Nutritional state and collective motion: from individuals to mass migration.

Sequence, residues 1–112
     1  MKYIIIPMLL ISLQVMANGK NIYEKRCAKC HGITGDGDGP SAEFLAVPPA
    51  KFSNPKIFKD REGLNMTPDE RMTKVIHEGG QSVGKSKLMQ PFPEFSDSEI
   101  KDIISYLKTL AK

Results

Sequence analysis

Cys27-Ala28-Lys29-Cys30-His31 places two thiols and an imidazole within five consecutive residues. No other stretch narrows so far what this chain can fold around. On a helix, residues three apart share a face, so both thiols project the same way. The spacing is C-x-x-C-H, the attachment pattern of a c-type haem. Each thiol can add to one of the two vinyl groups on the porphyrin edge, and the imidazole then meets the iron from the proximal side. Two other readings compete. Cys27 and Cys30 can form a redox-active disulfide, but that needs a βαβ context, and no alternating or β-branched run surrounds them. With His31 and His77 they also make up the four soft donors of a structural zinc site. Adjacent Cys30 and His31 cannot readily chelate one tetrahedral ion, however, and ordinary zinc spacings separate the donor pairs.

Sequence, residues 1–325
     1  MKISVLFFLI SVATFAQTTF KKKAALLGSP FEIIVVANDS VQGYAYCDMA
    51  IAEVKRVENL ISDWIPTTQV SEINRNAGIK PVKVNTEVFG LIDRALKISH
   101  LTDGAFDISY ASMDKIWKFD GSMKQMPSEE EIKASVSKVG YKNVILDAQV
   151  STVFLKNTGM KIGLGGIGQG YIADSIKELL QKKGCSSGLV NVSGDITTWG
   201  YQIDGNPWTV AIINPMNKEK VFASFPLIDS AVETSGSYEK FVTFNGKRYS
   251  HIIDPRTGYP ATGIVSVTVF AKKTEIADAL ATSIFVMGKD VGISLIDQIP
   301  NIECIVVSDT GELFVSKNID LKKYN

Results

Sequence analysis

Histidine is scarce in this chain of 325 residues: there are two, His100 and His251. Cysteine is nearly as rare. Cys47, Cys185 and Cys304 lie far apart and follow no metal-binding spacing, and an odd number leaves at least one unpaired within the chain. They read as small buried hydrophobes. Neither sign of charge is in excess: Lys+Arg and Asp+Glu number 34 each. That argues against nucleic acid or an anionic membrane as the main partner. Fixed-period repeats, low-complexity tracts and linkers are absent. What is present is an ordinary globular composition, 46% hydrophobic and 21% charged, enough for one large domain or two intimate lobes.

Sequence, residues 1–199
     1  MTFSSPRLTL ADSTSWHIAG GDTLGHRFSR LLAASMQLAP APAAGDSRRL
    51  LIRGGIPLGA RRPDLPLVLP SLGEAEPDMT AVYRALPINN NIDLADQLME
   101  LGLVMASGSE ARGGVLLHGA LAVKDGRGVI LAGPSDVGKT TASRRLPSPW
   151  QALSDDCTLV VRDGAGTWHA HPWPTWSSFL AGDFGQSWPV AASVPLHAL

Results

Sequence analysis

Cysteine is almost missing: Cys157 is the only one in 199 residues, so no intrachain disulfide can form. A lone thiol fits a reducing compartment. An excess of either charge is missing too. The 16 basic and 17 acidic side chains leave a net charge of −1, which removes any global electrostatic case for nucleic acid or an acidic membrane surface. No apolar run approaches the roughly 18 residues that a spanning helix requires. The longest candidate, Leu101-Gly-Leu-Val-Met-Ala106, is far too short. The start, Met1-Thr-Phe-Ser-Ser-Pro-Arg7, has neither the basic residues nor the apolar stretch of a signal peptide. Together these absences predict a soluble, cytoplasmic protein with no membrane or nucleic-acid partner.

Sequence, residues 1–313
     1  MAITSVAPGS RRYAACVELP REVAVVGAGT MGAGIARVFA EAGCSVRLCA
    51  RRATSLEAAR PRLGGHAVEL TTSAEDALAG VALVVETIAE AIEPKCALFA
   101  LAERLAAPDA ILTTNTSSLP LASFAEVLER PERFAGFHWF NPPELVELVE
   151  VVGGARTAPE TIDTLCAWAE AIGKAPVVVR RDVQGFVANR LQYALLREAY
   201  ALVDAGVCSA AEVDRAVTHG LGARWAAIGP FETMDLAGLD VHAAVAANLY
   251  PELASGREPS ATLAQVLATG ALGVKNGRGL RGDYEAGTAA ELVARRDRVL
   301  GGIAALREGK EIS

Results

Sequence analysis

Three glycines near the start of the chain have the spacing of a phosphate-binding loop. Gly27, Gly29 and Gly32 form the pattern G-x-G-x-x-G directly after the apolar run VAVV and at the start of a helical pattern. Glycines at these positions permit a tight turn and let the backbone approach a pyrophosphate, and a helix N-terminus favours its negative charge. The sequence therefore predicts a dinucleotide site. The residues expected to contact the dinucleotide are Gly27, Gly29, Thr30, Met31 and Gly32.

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In order to move effectively in unpredictable or heterogeneous environments animals must make appropriate decisions in response to internal and external cues. Identifying the link between these components remains a challenge for movement ecology and is important in understanding the mechanisms driving both individual and collective motion. One accessible way of examining how internal state influences an individual's motion is to consider the nutritional state of an animal. Our experimental results reveal that nutritional state exerts a relatively minor influence on the motion of isolated individuals, but large group-level differences emerge from diet affecting inter-individual interactions. This supports the idea that mass movement in locusts may be driven by cannibalism. To estimate how these findings are likely to impact collective migration of locust hopper bands, we create an experimentally parametrized model of locust interactions and motion. Our model supports our hypothesis that nutrient-dependent social interactions can lead to the collective motion seen in our experiments and predicts a transition in the mean speed and the degree of coordination of bands with increasing insect density. Furthermore, increasing the interaction strength (representing greater protein deprivation) dramatically reduces the critical density at which this transition occurs, demonstrating that individuals' nutritional state could have a major impact on large-scale migration.